, Volume 45, Issue 1, pp 115-123,
Open Access This content is freely available online to anyone, anywhere at any time.
Date: 07 Apr 2009

Ethnic differences in psychological well-being in adolescence in the context of time spent in family activities

Abstract

Background

In Britain and elsewhere there is ethnic variation in mental health in adulthood but less is known about adolescence. Few studies examining the role of family life in adolescent mental well-being have been based on a multi-ethnic UK sample. We explored whether family activities explain ethnic differences in mental health among adolescents in London, UK.

Method

These analyses are based on 4,349 Black Caribbean, Black African, Indian, Pakistani and Bangladeshi and White UK boys and girls aged 11–13, in 51 schools. Psychological well-being was measured as the total difficulties score from Goodman’s strengths and difficulties questionnaire (increasing score represents increasing difficulties).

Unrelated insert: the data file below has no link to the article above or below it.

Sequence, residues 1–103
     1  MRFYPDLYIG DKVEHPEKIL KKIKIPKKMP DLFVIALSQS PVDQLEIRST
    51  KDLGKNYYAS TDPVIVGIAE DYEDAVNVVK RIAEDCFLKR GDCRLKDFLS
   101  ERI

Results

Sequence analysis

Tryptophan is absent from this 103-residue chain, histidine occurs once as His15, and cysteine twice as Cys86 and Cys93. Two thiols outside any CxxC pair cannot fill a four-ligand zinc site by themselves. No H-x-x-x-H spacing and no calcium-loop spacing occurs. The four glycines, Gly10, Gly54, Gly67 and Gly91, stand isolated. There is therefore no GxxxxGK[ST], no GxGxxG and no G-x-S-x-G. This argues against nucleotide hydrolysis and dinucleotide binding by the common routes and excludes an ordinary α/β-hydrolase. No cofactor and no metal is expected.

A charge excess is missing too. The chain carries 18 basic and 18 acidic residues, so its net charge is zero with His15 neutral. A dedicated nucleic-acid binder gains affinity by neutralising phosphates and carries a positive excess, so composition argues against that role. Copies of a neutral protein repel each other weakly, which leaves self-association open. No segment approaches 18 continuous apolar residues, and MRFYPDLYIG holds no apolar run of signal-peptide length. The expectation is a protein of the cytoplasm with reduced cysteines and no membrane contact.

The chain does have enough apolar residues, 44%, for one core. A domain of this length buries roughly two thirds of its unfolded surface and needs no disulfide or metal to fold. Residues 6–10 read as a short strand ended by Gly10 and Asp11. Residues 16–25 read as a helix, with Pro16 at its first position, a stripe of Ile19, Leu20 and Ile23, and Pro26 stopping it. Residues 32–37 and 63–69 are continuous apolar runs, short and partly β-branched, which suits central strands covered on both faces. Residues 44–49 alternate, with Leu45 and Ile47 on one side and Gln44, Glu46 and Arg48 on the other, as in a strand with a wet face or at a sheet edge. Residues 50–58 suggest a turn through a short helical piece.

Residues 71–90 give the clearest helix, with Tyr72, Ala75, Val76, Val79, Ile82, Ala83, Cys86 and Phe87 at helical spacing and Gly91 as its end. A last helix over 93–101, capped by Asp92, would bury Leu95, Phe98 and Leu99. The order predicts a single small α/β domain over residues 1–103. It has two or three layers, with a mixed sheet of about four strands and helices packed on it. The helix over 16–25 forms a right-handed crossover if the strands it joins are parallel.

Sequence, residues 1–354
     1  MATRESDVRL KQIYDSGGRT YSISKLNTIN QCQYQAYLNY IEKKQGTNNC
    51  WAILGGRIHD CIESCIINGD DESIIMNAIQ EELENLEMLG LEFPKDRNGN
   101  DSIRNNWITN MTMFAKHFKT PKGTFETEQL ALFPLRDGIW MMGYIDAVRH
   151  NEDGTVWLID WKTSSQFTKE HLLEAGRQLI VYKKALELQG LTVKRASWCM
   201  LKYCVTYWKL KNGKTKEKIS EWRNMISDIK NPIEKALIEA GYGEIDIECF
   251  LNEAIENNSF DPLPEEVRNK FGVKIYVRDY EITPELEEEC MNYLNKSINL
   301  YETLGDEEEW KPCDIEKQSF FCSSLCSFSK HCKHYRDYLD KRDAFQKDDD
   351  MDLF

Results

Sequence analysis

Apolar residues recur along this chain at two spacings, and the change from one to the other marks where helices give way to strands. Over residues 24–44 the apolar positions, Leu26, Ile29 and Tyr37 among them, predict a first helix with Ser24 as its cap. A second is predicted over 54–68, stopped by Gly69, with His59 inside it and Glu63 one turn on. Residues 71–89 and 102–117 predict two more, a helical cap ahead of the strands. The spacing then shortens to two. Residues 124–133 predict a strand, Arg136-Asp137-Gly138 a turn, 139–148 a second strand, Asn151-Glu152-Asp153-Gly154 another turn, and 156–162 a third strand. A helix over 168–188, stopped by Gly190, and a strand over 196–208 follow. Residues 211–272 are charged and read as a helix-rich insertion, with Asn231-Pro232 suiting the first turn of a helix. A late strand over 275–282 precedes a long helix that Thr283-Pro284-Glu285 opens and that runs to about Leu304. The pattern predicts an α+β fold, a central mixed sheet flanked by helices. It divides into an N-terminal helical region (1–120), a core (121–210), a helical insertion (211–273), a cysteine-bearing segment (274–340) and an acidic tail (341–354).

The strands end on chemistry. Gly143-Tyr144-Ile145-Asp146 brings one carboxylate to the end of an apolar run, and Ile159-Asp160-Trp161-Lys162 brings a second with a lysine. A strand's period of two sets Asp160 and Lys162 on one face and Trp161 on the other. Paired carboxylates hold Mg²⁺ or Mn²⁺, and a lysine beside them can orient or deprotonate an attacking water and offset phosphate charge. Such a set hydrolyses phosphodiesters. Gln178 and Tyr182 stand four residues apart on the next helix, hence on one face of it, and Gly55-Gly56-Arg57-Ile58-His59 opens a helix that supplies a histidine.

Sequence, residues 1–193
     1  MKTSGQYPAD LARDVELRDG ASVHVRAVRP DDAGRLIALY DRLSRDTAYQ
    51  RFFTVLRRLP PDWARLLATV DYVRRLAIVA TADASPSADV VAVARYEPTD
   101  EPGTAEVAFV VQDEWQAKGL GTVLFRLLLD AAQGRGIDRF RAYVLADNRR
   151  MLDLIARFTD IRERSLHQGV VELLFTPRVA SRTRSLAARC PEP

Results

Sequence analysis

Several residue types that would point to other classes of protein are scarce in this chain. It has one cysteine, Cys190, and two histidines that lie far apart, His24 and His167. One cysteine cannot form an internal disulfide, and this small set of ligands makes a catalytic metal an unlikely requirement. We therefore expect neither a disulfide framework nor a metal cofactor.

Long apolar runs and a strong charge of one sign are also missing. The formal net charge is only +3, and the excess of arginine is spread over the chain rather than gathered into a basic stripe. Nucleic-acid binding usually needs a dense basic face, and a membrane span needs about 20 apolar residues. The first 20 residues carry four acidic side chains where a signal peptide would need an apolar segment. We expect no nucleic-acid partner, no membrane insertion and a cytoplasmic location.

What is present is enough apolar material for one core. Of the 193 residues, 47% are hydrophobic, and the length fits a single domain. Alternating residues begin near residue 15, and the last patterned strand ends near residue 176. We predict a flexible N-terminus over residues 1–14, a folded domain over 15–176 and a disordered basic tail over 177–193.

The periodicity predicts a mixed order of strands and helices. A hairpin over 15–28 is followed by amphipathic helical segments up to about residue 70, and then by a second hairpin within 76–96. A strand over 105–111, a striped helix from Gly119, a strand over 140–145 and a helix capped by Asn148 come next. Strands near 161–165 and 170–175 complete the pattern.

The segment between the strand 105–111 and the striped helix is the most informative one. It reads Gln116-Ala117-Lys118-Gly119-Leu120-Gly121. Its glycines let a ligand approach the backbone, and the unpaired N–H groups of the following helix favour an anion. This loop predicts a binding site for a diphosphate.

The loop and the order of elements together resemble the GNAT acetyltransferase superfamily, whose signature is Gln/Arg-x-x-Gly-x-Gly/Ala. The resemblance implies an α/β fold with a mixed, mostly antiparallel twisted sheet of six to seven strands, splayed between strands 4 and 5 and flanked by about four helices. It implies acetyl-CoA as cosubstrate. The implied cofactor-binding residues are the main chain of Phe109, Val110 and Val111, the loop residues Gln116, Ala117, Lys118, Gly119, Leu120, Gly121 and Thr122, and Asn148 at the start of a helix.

Results

Participation in family activities varied by ethnicity. Compared with the White UK group, all minority groups were more likely to visit friends and relatives and go other places as a family. Black Caribbeans and Nigerian/Ghanaians were less likely and South Asian groups more likely to eat a meal together as a family. In multivariate analyses all minority groups had better well-being scores compared to Whites, independent of family type and socio-economic status (SES). Although adjusting for family activities slightly attenuated the association for South Asians, the minority ethnic advantage in psychological well-being remained [regression coefficients for Black Caribbeans = −0.66 (95% CI = −1.13, −0.20); Nigerian/Ghanaians = −1.27 (−1.81, −0.74); Other Africans = −1.43 (−2.00, −0.86); Indians = −1.15 (−1.73, −0.58); Pakistani/Bangladeshis = −0.66 (−1.20, −0.12)]. In analyses based on the whole group, all activity variables were independent correlates of psychological well-being. Multivariate models, stratified by ethnicity, showed that ≤weekly compared to daily family meals was associated with poorer mental health for all groups, except Black Caribbeans, independent of family type and SES.

Conclusion

Despite ethnic patterning of the frequency of family activities, adjusting for differences in these variables did not account for the better psychological well-being of minorities. Family activities were, however, important independent correlates of psychological well-being for all groups in this sample.